2020 was a milestone year for ecommerce. Accelerated by lockdowns and social distancing, ecommerce growth that was expected to take years materialized in months. With more consumers spending time and money online, ecommerce entrepreneurs have more opportunities but face the peril of higher customer expectations for service and experience, as well as more competition from traditional retail brands that rushed online in order to survive.
Luckily, when you look closely, what appeared to be a revolution was really the culmination of trends that had been forming for years. All COVID did was speed up the timeline. I don’t have a crystal ball, but knowing the trajectory of the trends forming now will arm you to stay relevant in 2021 and beyond.
#1: The Customer is the Channel
The importance of omnichannel has been preached for years, yet most ecommerce entrepreneurs are stuck in multichannel mode. Both involve marketing and selling across multiple channels, but because most ecommerce operations are devoid of branding, little thought is given to the brand experience. So entrepreneurs end up with a handful of highly siloed sales funnels that treat customers like robots who’ll click on an ad and end up on your checkout page.
But this isn’t how real people, your actual customers, use the internet. The line between online and offline is disappearing. There’s no such thing as your “online life,” it’s just part of your life. Likewise, customer journeys can’t be categorized by channel. People move across online touch points and channels by osmosis. The modern ecommerce journey can start anywhere and end anywhere. It allows customers to pick up where they left off yesterday on any device, on any channel. This is true omnichannel.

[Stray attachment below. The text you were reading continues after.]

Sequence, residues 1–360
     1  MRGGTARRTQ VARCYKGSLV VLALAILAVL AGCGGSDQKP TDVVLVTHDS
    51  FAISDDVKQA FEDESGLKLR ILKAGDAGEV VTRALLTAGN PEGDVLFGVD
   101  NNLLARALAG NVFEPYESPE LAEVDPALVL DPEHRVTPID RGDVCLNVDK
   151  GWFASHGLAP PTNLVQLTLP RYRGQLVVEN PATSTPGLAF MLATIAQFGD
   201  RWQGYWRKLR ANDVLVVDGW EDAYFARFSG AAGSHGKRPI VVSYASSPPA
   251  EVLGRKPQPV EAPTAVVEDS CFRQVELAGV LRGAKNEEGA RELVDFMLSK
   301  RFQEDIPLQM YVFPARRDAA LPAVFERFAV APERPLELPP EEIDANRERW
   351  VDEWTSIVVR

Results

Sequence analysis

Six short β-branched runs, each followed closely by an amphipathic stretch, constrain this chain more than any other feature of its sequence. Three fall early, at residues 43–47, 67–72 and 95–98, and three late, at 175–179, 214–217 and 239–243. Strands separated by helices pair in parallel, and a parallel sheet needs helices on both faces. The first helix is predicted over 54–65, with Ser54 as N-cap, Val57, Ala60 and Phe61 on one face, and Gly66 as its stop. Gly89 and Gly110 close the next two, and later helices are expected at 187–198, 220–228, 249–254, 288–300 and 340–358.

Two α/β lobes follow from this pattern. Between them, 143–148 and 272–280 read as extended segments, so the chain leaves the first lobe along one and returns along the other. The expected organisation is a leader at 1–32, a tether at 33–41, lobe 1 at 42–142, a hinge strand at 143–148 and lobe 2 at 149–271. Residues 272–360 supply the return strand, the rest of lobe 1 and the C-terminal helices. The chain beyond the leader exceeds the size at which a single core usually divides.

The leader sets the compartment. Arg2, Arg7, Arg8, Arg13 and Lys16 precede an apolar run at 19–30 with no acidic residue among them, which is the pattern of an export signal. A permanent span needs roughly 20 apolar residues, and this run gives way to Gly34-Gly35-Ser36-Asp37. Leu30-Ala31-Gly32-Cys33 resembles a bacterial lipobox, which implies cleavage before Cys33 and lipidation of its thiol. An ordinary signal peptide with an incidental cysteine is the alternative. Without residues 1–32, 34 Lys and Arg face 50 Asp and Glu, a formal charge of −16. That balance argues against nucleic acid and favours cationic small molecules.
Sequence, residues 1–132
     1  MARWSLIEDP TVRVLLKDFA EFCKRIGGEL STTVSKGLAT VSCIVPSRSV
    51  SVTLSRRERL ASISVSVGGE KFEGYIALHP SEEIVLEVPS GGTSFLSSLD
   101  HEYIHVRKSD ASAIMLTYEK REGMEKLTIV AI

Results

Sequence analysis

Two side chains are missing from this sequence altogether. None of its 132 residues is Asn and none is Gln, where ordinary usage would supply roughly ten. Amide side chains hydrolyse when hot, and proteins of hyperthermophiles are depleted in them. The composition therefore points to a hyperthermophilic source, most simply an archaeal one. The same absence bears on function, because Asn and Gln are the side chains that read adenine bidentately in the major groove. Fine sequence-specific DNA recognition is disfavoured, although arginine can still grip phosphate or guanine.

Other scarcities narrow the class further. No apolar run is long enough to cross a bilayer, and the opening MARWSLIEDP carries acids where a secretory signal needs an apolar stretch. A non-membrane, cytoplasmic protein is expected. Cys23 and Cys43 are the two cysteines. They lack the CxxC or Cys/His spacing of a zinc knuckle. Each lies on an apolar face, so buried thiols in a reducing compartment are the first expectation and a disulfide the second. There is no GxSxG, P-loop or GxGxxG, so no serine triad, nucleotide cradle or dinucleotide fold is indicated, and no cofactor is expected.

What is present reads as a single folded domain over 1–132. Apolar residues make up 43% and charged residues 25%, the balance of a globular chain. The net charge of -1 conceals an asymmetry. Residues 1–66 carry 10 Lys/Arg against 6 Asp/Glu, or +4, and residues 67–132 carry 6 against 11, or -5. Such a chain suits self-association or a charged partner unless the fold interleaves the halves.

Thriving in 2021 will require shifting away from the purchase-focus of multichannel to the customer-centric mindset of omnichannel. However, if customers are in control, they’re only going to make the chain of leaps between awareness, interest desire, and purchase if the experience you offer is meaningful.
#2: Your Sales Pitch is Irrelevant
For years ecommerce has gotten away with being offer-obsessed and hitting consumers over the head with push marketing. Siloed funnels run on the same mindset, which assumes customer interest will filter leads at the top of the journey and that funnels are built to capture this pre-existing demand. But no matter how great your offer is, if you’re not feeding the top of your funnel by creating demand and fueling retention, your business is going to bleed out, with rising customer acquisition and advertising costs as you try to keep a leaking bucket full.
In 2021, siloed funnels will be ignored by customers who have higher expectations and want to control their own experience. Even with a smart omnichannel strategy, customers will only move through the journey if they care about the products and brand.